Israel offers its visitors an amazing array of tourist attractions, but if you want to go behind the scenes and see life as it's really lived here, there's probably no better place than the supermarket.
In the center of the country's urban areas, where space is limited, most supermarkets are small and relatively plain affairs. The giant supermarkets are further out on the city's edge and in the suburbs. But even in the middle of the city, a stop at a grocery store offers a glimpse into Israeli tastes. The two most prevalent supermarket chains, Super-Sol and Mega, have large and small stores throughout the country and both chains are kosher. Another major food retailer, Tiv Ta'am, is not.
The refrigerator section at any supermarket hosts a plethora of Middle Eastern-style food. Options include hummus with a range of toppings, such as pine nuts, whole chickpeas, and matbuha, the Middle Eastern equivalent of salsa. You will also find tehina, the sesame paste known as "tahini" outside of Israel. Pita is available in every supermarket and is a handy edible utensil for these dips.
Jews from North Africa and the Middle East brought a range of culinary specialties when they immigrated to Israel, many of which have been adopted by the entire Israeli population. Shakshuka, for example, is a Levantine spicy tomato dish cooked up with eggs in a skillet that can be found on many cafe menus. For the strong of heart, or at least strong of stomach, there's schug, a spicy condiment brought to Israel by Yemenite Jews that is the fiery counterpart to pesto.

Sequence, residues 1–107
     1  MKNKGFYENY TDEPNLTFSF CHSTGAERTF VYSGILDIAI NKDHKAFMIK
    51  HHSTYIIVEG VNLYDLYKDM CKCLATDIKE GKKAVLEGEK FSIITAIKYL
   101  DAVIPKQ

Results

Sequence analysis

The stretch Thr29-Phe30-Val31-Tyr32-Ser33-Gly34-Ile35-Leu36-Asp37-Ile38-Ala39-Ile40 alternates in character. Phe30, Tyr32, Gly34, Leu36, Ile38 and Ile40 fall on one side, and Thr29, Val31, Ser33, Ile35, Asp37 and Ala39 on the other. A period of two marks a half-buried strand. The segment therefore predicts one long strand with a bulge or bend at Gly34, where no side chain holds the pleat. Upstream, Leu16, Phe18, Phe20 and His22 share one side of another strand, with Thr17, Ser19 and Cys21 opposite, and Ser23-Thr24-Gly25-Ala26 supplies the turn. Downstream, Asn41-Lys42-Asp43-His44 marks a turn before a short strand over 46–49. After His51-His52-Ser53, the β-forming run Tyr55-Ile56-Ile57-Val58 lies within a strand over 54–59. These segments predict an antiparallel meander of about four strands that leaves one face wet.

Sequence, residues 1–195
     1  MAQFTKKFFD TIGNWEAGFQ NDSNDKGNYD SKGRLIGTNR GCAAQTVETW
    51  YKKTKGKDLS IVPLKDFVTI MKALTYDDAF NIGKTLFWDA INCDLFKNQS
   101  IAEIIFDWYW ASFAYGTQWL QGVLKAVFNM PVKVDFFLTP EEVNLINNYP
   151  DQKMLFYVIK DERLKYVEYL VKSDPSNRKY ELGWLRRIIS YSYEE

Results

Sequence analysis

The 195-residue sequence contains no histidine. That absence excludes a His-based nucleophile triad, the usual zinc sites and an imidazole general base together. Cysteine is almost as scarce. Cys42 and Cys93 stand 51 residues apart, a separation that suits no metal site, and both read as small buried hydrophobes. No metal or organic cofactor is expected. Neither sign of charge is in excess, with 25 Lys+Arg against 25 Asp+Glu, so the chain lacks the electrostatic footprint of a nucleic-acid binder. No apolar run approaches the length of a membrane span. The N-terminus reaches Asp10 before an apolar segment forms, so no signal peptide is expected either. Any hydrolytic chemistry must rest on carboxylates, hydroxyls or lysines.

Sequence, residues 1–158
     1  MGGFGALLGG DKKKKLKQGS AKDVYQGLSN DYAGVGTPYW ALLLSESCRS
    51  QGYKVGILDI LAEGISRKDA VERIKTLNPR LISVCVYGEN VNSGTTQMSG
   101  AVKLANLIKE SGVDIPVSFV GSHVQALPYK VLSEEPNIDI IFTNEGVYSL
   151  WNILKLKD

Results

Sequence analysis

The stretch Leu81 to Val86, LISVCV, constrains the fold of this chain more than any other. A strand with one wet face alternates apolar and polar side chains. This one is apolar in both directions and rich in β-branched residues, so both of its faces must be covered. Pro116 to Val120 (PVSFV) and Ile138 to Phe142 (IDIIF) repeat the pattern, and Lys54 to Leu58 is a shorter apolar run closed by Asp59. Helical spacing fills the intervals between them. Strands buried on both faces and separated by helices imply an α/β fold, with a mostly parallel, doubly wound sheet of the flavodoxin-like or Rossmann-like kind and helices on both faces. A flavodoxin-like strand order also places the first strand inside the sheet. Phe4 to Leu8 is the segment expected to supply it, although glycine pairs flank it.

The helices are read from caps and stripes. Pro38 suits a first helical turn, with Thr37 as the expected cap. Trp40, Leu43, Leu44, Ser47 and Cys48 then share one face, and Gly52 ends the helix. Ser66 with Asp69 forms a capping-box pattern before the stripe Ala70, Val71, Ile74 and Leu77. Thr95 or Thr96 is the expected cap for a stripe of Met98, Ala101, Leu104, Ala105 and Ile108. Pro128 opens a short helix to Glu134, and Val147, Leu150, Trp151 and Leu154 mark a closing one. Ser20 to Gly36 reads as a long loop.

Visitors who become addicted to shakshuka, which isn't hard, can find the tomato sauce needed to make it in jars and cans at some larger supermarkets. If you don't want to weigh down your suitcase with such a heavy souvenir, consider taking home some spices, available at any grocery store. One such spice, za'atar, known as "hyssop" in English, is a great addition to pita or toast. You can also try cardamom, hel in Hebrew, which is traditionally used in coffee.
Even modest grocery stores have a large range of dairy products, including cottage cheese, hard cheeses and yogurt. There is also so-called "white cheese" ("gvina levana" in Hebrew), which is similar to its French counterpart, fromage blanc, and can be eaten in a bowl with sugar or spread on bread or crackers. There's also a range of flavored refrigerated pudding snacks to satiate your sweet tooth. Disposable spoons, forks and plates are available at any supermarket if you're grabbing something as a snack to go. Just ask.
Many but not all products sold in supermarkets are labeled in English. If you don't speak Hebrew and the identity of a product is not clear from its appearance, go ahead and ask an Israeli for assistance. If they speak English, most would be happy to help.
My experience is that most cashiers are friendly and helpful but frequently do not speak English. Chances are, someone in line can help you out if any issues come up. You are expected to bag your own groceries, but bags are provided. Most supermarkets take credit cards.
Unlike some other Israeli tourist attractions, this experience is free. Unless, of course, you buy something.
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